Few people deny climate change is real these days. Here is an excellent summary. Extreme drought and resulting raging fires, extreme rainfall and flooding, and rising sea levels are a few of the most obvious signs. Worse changes are not as obvious–rising CO2 concentration in the air and sea, resulting in more acidic water, killing coral reefs and other marine life. Rising sea temperatures resulting in melting glaciers, less ability to absorb heat from rising air temperatures, and greater evaporation of water into the air which produces downpours of rain. Climate refugees from flooding, fires, drought stricken areas, famine, and/or the political consequences of these, such as in Syria, Louisiana and California.
There are some hopeful signs, mainly related to the expansion of renewable energy sources, resulting in electricity prices that are falling below that from fossil fuels. As has most often been the case throughout history, money is driving the change. In this case, away from fossil fuels.
Each gallon of gas, each pound of coal burned, adds carbon dioxide to the atmosphere, adding to the environmental damage. There is no moral justification for continuing to do so. We just have to stop burning fossil fuel now.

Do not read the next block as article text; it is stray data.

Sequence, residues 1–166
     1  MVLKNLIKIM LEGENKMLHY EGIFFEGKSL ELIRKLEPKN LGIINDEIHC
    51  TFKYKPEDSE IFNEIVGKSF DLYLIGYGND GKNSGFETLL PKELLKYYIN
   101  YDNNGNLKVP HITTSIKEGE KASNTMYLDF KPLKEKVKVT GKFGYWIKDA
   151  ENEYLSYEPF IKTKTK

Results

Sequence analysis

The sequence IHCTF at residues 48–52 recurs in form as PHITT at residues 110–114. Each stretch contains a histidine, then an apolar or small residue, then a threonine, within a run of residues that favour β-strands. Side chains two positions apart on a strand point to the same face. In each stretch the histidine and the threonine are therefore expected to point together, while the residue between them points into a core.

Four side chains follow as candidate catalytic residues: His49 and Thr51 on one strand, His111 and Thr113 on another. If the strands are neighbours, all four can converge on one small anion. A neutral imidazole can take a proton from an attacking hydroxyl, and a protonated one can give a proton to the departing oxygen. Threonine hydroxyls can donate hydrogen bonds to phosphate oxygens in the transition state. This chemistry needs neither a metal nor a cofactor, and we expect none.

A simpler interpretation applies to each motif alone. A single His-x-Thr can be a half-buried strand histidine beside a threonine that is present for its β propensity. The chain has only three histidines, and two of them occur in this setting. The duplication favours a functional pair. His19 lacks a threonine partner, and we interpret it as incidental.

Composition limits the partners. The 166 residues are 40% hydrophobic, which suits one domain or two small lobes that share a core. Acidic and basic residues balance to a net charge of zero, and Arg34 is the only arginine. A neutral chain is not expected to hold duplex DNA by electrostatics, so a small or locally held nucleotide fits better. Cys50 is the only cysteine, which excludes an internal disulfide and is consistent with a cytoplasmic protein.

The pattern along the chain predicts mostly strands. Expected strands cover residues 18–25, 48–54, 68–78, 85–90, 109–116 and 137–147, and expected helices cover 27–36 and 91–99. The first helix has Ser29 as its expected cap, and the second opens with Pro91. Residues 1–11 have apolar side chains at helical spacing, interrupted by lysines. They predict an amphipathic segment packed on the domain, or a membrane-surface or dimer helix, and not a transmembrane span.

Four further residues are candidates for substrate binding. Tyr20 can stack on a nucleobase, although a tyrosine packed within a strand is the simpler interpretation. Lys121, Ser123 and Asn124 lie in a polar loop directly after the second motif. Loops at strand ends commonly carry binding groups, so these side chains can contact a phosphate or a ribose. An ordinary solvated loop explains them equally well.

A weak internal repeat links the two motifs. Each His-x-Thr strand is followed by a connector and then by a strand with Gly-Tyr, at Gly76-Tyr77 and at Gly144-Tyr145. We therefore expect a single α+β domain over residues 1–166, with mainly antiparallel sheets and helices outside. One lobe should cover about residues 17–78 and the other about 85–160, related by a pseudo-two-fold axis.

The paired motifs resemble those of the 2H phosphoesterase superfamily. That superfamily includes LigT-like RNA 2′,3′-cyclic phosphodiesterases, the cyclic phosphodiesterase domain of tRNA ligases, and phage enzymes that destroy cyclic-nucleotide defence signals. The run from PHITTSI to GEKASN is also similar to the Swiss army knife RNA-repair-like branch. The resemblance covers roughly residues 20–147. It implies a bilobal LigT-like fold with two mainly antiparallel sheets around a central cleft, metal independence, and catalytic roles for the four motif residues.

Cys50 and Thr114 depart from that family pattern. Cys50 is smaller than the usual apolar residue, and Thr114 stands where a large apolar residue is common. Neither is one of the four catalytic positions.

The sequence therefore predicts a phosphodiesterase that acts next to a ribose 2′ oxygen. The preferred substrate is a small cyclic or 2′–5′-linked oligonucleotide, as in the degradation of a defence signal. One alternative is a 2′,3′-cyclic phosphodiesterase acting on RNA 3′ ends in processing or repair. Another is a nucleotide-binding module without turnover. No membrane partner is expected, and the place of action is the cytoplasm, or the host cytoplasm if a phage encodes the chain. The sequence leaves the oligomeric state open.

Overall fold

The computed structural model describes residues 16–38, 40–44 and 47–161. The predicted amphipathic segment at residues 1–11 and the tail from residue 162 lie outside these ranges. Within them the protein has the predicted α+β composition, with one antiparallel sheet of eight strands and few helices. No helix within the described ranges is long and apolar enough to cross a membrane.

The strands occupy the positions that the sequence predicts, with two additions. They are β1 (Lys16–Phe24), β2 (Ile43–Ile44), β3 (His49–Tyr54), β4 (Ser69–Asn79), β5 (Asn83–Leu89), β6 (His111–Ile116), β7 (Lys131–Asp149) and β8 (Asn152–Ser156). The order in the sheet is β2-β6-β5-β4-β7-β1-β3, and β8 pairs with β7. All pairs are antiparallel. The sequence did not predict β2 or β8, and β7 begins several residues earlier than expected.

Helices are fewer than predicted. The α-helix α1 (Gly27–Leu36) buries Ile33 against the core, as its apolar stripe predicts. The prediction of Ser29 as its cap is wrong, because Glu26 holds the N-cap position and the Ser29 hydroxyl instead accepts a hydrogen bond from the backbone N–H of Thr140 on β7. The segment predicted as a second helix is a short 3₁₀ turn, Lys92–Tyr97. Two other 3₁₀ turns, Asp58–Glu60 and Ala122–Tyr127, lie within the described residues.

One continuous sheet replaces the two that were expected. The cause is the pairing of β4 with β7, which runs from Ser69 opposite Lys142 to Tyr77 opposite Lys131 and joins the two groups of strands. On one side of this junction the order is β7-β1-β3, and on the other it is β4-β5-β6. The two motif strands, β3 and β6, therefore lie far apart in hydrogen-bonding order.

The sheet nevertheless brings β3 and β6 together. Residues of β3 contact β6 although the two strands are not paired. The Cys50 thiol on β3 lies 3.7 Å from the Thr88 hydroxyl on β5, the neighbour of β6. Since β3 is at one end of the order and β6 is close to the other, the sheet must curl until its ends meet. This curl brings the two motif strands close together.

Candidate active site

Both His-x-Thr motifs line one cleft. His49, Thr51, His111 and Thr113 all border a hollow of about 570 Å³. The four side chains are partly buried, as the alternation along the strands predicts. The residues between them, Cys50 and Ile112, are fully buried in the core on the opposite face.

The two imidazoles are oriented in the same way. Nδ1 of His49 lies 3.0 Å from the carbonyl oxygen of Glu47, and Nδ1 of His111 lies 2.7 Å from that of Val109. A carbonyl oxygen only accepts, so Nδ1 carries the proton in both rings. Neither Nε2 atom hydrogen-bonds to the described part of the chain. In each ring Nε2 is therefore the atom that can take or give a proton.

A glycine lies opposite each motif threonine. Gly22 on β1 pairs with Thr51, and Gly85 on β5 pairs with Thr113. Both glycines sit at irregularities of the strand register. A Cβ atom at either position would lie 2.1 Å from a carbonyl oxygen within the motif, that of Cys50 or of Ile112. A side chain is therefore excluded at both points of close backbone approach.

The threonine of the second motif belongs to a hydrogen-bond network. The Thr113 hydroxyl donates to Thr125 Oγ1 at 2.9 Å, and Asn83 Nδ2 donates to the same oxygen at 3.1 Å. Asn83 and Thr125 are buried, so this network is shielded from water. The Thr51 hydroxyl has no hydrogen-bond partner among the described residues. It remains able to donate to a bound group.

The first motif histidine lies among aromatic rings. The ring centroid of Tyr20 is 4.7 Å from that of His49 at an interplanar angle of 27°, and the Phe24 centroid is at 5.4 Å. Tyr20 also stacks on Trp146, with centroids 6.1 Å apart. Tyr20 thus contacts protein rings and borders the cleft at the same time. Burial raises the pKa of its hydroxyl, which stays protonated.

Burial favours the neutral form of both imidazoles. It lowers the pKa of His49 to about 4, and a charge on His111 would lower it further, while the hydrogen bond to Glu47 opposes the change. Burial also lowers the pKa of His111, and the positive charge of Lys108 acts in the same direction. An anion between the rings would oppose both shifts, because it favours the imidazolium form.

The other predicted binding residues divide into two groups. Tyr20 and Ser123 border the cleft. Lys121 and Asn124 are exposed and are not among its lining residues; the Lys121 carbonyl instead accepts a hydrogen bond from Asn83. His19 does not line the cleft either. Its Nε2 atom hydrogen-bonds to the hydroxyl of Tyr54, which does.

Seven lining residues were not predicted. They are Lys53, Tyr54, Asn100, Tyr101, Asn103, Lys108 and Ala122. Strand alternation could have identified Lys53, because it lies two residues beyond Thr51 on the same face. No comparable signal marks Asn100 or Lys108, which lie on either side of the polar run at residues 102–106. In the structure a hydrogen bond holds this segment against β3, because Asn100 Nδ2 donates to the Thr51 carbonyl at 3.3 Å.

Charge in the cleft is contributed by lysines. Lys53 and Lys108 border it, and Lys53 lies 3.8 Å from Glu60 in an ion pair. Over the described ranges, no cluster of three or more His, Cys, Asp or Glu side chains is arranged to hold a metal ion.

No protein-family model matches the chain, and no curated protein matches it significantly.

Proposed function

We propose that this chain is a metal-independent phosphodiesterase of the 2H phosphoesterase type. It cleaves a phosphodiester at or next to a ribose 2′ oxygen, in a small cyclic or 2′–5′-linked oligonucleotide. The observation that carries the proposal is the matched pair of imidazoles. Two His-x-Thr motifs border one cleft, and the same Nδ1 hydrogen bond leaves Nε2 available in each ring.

And yet the fossil fuel industry and those who profit from it continue to expand extreme extraction practices such as tar sands mining and fracking, and the pipelines and other infrastructure needed to support it. At the same time, billions of dollars worth of fossil fuel infrastructure is at risk because of rising waters along the Gulf coast. It seems the ultimate irony to try to force the construction of new pipelines, when the infrastructure to process that oil may be flooded as a result of burning fossil fuel.
Water is a critical issue now. Fracking contaminates huge volumes of water with cancer causing and other chemicals and impurities. Huge tailings ponds hold the waste from tar sands extraction, and release methane gas. Oil spills contaminate rivers.
After years of work by the environmental community, including building a national organization and providing training for nonviolent civil disobedience in preparation for nationwide direct actions to oppose the Keystone pipeline, President Obama announced his decision to not approved it. For the first time the people prevailed against the fossil fuel industry.
Native Americans were in the forefront of that effort, as they are again today, resisting the construction of the Dakota Access (Bakken) Pipeline. That pipeline would go under both the Missouri and Mississippi Rivers. The inevitable spills will threaten the water supply for the people and crops of the agricultural belt of the country. It will be a disaster for the nation’s food and water supplies.
This is not the time to sit on the sidelines. Our children and grandchildren’s future will be determined by what we do, or do not do, to protect our water and environment now.
Please do anything you can to raise awareness, and to support those trying to stop the Dakota Access Pipeline. Be a leader if no one else is. Support one another. Rise Up Now. This affects us all. Protest and resist wherever you are.
Photo taken by Peter Clay, Iowa Yearly Meeting (Conservative) Friend, who just returned from another trip to North Dakota.